Global Journal of Pure and Applied Sciences

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Effects of automobile battery wastes on physicochemical properties of soil in Benin City, Edo State

PI Orjiakor, EI Atuanya


Difference in soil qualities has been noticeable in many soils due to anthropogenic sources, especially of automobile battery wastes. This study examines the effects of automobile battery wastes on the physicochemical properties of the soil. Soil samples for this study were collected in triplicates from three battery chargers’ workshops: Adolor, Edaiken and Uwelu in Benin City, Edo State at 0-15cm depth, in the months of August, September and October. The soil physicochemical parameters analyzed indicate variations of values in the contaminated soil over uncontaminated soil (control). Among the parameters examined, conductivity was significantly (P<0.01) higher in the contaminated soil (59.3- 184mho/cm) than in the uncontaminated soil. Notably, a more acidic pH value of 3.7-4.5 was also recorded beyond standard limits of 6.5~8.5. Meanwhile phosphorus was relatively high (1.95-3.35) and nitrogen (0.08-0.15) was low as against the control value of 2.71 and 0.18 respectively. Heavy metals such as Lead (Pb), Zinc (Zn), Cadmium (Cd), Chromium (Cr) and Copper (Cu) were present in different concentrations in contaminated soil sample which ranges from far above acceptable standard limit between (0.288-0.875, 0.757- 1.342, 0.108-0.279, 0.718-1.062 and 0.272-0.518 mg/kg) compared to their values in the control soil sample having 0.003, 0.125, 0, 0 and 0.063 mg/kg respectively. Battery wastes were found to be significant sources of Cadmium and Chromium, as none of both was detected in the control soil sample. The daily activities of auto-mechanic battery workshops have negative impacts on soil physicochemical properties. Note, the soil in mechanic battery workshops needs urgent cleanup to minimize contamination of ecological materials and public health implication. This work will prove valuable in providing baseline information for further soil quality monitoring studies in study area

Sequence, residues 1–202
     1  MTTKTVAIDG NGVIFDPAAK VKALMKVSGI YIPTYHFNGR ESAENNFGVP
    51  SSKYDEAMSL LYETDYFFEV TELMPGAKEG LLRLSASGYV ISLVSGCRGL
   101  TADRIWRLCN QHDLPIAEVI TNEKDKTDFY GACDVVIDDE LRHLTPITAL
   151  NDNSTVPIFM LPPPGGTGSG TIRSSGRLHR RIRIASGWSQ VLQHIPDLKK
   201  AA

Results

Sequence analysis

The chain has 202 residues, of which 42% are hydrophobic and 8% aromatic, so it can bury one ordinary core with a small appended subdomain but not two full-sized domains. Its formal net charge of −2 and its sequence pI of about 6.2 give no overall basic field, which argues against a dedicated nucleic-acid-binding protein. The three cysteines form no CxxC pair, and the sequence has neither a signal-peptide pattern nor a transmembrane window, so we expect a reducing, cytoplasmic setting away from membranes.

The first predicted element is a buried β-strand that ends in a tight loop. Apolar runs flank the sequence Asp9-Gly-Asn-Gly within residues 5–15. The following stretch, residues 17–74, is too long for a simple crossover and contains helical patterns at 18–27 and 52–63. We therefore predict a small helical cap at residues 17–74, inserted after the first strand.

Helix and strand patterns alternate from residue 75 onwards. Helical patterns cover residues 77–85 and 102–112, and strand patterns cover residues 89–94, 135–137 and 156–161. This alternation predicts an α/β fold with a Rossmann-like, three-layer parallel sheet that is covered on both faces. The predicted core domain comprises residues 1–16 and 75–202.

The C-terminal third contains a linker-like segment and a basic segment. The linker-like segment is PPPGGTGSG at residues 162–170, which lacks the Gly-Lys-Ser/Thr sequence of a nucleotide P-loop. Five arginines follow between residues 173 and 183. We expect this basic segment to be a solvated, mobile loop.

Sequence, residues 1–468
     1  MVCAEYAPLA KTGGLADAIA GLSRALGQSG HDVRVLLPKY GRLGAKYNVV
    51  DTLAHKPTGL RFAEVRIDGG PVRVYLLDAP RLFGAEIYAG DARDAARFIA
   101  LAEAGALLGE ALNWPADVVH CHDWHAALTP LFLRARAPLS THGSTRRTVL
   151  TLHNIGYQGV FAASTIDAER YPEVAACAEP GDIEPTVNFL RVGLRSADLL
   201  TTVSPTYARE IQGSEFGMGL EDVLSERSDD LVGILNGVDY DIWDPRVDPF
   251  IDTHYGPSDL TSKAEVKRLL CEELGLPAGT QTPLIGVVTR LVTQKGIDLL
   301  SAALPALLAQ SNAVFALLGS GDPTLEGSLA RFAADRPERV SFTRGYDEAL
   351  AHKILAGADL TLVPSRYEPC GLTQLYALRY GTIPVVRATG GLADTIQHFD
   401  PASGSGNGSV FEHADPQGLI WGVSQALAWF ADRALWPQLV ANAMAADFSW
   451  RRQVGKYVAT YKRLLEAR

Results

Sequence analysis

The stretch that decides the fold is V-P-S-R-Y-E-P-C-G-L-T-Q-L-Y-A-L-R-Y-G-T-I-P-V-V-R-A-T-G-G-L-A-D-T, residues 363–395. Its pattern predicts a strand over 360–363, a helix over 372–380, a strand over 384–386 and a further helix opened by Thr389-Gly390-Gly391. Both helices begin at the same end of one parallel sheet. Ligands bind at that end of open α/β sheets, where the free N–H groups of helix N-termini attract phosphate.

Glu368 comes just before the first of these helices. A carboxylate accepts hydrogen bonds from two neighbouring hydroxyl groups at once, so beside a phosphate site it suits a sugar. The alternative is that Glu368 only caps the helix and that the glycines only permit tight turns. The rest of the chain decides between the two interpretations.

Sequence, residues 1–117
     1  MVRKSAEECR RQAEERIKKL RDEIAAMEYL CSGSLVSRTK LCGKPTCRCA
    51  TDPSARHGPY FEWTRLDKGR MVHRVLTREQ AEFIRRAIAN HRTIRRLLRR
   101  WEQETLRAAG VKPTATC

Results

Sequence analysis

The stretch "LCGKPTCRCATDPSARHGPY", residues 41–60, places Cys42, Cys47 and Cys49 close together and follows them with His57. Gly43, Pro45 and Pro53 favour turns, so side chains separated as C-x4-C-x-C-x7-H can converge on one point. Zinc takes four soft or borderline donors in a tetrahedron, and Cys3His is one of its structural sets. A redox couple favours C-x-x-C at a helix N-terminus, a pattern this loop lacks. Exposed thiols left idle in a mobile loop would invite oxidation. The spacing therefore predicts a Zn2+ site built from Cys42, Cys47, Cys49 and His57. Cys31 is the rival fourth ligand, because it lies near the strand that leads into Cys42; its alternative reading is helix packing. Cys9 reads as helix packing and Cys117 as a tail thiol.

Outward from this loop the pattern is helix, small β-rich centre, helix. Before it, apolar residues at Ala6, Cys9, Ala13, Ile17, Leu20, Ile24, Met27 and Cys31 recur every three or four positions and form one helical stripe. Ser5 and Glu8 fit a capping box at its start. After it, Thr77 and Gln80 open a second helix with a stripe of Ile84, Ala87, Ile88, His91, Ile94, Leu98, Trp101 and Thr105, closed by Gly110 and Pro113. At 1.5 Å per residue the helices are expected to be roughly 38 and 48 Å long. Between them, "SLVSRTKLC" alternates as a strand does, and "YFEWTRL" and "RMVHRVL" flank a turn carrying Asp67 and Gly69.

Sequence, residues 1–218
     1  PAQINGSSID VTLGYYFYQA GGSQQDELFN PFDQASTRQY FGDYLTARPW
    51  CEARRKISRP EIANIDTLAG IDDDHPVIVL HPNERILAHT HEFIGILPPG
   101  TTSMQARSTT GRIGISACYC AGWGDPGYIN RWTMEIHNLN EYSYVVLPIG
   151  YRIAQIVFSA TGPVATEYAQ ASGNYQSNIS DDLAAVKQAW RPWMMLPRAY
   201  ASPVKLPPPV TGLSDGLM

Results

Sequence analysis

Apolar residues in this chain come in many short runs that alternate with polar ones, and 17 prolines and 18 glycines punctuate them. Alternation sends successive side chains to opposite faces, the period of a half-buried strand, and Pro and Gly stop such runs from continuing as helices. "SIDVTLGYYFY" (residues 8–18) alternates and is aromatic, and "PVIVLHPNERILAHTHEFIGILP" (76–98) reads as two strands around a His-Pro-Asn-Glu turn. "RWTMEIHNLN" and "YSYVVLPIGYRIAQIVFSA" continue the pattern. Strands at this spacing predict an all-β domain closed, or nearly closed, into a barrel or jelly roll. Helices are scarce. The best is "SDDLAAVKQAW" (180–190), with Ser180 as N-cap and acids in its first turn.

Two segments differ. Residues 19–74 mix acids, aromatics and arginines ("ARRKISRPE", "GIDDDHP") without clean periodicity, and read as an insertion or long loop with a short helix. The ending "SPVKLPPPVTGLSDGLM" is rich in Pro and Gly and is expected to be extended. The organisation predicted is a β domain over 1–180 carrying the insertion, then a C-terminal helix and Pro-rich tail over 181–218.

KEYWORDS: Physicochemical, Heavy metals, Battery wastes, Contaminated and uncontaminated soil.
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